Preventing Pain from the Ground Up

“Do my gym shoes have to be sport specific or will any shoe do?”  -Jenny T.

With the new year comes New Year Resolutions. More often than not, these resolutions include fitness or weight loss. While a physical is surely on the top of your pre-resolution check list, does your list also include a proper pair of athletic shoes? So many times, resolutions fall by the wayside when injuries and aches and pains get in the way. The right pair of shoes is key when sticking to your resolution. Here are some tips from the American Chiropractic Association’s guide to choosing the best athletic shoe.

Tip one: match the shoe to the activity. For example, a proper running shoe has extra padding to absorb shock during the heel-strike portion of a stride while a good basketball shoe is designed to support the foot during side-to-side movements. In other words, the wrong support could predispose you to back, hip, knee, or foot pain.

Tip two: shop at a store that specializes in fitting athletic shoes. Typically, the employees are trained to find the best shoe for your activity level and foot.

Tip three: shop at the end of the day when your feet are at their largest and bring your athletic socks and/or orthotic inserts with you so that you’ll get the most accurate fit.

Tip four: have your feet measured. Make sure you’re standing in a weight bearing position and your arches are accurately assessed.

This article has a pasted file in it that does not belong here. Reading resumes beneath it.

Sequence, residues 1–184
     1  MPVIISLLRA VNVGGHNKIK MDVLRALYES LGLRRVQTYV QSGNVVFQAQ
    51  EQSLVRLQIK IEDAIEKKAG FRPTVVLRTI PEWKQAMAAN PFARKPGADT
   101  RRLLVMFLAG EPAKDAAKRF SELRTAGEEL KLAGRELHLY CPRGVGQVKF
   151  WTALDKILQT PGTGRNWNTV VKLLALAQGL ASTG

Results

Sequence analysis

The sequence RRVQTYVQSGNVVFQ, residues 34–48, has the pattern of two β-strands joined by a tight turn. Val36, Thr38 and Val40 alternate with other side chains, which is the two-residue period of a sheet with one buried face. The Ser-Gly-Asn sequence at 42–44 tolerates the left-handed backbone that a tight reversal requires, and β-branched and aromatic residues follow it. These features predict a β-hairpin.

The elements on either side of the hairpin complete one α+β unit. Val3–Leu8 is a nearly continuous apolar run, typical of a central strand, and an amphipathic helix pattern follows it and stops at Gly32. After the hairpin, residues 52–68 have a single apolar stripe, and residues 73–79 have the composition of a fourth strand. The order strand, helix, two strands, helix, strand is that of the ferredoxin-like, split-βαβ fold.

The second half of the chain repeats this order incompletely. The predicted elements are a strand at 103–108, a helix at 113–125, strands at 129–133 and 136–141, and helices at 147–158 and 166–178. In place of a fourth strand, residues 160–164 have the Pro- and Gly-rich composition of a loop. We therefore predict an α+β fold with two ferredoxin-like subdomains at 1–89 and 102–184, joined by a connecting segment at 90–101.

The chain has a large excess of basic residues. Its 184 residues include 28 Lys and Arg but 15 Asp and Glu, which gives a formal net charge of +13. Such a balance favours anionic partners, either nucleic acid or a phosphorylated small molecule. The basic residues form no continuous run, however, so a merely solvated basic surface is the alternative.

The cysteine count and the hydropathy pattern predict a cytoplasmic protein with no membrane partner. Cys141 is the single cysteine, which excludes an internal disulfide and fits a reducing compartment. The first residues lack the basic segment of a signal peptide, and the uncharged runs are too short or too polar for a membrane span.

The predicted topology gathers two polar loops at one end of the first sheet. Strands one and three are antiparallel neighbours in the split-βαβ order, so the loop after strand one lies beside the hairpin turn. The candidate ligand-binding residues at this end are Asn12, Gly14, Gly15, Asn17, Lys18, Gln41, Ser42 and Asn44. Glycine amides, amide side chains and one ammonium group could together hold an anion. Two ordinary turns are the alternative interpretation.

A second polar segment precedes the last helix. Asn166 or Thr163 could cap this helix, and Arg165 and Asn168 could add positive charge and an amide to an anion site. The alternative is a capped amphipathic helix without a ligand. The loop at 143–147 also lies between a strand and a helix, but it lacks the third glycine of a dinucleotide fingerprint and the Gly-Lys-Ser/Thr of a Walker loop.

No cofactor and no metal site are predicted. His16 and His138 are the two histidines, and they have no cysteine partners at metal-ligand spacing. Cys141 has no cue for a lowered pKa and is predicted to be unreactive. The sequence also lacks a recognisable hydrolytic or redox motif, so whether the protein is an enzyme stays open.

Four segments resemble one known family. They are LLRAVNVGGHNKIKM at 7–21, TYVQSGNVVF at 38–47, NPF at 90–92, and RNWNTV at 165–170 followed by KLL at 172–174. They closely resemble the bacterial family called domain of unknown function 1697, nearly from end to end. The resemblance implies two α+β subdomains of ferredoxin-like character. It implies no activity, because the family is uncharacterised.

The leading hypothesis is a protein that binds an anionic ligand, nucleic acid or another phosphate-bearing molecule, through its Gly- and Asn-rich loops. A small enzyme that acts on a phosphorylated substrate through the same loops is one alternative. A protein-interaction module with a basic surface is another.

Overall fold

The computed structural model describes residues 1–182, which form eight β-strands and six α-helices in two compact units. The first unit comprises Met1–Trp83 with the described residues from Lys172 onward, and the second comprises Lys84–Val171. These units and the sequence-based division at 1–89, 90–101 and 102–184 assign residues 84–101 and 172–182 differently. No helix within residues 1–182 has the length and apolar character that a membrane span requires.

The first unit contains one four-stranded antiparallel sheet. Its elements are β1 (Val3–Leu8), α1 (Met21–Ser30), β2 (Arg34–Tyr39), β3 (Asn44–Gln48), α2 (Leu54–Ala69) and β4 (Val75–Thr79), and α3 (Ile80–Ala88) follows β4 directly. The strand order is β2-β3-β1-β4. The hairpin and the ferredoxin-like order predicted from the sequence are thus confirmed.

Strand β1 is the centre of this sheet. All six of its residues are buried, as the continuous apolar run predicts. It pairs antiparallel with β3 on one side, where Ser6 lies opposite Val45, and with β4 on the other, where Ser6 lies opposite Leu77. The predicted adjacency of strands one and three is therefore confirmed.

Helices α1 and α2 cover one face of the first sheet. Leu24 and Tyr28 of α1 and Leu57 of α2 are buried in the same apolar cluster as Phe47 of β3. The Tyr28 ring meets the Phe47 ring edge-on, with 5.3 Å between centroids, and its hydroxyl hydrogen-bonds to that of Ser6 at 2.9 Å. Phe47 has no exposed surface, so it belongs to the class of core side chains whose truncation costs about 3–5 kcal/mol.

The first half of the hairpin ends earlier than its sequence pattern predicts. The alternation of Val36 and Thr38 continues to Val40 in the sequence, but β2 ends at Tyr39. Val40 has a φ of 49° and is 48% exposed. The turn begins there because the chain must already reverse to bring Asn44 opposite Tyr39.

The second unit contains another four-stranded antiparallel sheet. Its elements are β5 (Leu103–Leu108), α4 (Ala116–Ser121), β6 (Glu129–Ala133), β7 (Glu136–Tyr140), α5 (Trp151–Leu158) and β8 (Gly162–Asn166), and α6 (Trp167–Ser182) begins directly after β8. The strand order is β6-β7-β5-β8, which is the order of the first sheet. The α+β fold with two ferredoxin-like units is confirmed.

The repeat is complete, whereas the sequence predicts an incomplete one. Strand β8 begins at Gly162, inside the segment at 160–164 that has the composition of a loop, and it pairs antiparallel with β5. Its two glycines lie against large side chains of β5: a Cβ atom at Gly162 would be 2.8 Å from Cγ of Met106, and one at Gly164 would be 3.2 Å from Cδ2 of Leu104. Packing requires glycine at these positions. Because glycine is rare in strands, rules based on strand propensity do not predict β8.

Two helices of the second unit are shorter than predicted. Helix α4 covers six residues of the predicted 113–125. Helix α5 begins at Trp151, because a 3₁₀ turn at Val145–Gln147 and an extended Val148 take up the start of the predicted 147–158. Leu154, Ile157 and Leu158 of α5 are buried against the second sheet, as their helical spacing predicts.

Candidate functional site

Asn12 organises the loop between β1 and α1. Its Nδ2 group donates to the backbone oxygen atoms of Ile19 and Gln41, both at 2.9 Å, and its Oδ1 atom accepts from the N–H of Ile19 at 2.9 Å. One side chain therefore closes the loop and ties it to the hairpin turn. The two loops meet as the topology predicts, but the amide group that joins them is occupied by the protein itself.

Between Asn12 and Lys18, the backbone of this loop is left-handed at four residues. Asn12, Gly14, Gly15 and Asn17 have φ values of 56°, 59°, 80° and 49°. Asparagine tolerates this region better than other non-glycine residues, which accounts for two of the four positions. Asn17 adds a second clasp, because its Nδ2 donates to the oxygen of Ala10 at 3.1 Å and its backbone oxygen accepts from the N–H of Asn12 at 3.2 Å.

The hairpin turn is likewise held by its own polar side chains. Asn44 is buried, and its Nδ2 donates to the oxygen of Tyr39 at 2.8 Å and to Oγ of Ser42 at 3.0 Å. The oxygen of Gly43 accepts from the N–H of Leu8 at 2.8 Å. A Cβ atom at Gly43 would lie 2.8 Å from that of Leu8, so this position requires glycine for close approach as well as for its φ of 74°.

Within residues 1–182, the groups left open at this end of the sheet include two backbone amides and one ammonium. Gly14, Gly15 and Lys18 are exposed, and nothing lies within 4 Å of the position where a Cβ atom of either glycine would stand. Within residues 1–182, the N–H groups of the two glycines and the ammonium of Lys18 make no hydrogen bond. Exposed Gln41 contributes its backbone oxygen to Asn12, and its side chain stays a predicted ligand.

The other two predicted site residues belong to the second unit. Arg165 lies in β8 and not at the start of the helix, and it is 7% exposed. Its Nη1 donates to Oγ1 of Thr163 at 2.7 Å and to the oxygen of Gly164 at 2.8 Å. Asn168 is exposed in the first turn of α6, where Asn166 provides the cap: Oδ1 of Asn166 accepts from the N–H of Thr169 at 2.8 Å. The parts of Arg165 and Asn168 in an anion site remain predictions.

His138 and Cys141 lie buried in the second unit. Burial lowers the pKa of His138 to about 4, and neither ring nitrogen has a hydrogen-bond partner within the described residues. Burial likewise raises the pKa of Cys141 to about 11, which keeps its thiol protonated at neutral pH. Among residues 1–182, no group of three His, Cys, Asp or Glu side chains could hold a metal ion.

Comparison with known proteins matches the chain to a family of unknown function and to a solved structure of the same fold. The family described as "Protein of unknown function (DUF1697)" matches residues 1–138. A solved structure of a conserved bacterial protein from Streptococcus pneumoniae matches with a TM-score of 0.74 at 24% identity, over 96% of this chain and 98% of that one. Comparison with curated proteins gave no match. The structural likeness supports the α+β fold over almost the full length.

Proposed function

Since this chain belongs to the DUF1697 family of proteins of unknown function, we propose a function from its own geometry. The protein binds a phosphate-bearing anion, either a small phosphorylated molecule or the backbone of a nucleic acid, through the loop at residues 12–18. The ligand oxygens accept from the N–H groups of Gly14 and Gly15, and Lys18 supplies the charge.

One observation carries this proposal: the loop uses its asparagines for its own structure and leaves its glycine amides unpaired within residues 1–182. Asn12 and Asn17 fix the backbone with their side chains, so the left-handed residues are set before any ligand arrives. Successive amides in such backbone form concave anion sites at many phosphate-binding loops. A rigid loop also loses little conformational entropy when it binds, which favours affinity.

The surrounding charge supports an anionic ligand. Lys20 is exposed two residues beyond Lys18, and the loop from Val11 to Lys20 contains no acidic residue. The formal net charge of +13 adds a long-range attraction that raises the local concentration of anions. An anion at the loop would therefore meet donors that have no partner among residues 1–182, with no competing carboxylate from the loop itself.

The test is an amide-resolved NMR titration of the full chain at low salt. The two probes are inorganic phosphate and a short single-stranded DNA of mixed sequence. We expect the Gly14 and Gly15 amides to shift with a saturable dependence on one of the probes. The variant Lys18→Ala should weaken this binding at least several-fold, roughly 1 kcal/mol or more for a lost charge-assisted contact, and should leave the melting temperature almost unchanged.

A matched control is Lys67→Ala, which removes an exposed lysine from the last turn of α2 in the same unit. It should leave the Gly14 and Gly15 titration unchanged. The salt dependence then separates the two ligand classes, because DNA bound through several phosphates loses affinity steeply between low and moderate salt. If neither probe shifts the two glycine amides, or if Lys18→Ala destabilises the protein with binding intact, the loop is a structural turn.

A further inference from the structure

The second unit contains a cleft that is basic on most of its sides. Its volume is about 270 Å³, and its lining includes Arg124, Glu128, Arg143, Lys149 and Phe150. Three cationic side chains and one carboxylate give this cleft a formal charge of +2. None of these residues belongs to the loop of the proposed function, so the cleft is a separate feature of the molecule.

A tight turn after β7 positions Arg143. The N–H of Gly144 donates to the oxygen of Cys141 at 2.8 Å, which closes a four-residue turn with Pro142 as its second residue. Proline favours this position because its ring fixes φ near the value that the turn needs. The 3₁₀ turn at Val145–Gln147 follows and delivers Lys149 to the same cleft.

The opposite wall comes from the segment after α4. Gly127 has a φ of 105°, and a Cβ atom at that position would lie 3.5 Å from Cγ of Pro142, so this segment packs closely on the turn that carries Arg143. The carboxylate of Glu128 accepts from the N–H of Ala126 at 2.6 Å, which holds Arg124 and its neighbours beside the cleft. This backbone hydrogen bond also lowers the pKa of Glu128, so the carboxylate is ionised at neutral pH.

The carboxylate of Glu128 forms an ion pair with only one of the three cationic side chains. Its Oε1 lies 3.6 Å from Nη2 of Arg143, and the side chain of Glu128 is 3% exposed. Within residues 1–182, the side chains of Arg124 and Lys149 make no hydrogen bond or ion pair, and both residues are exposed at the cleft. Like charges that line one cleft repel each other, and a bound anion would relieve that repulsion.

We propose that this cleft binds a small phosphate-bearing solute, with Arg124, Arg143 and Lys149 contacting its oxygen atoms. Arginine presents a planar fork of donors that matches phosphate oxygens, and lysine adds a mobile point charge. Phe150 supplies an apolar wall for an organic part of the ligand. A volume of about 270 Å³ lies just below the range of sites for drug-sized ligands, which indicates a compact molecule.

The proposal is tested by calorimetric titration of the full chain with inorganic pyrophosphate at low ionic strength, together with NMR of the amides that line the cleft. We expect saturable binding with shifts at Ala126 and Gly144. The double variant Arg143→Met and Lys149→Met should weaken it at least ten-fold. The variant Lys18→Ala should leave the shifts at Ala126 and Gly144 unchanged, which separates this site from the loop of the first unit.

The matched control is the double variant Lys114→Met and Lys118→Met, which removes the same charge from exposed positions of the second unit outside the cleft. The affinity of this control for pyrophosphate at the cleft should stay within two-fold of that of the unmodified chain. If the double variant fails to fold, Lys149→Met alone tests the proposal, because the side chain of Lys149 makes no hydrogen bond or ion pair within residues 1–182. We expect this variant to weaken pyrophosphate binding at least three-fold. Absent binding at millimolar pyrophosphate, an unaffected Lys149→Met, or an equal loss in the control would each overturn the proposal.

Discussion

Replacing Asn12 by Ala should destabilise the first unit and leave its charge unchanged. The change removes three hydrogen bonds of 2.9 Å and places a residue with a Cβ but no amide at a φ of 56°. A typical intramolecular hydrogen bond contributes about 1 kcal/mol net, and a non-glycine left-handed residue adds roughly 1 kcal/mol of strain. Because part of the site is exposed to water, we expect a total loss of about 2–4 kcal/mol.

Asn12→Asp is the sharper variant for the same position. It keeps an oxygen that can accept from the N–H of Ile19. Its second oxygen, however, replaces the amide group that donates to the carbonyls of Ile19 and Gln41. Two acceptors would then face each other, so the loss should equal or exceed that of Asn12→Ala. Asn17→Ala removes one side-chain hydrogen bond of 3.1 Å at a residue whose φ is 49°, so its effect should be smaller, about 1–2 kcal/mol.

Tip five: make sure the shoe fits correctly. There should be an index-finger width between your longest toe and the end of the shoe while the heel of your foot shouldn’t slide up or down as you walk or run.

Tip six: replace your shoes before they begin to show signs of moderate wear and tear. Check the mid-soles closely as they show the earliest signs of loss of shock absorption.

Improper shoe choice and worn out shoes can really put a damper on your resolution plans. Make sure your stick to your fitness and health goals by avoiding joint pain when you choose the proper shoe. Replace those old shoes to decrease chances for shin splints, heels spurs, and plantar fasciitis. Good luck with your resolutions and Happy New Year!

Yours in health,

Dr. Kristin Nuccio Smith, DC

 

Source: American Chiropractic Association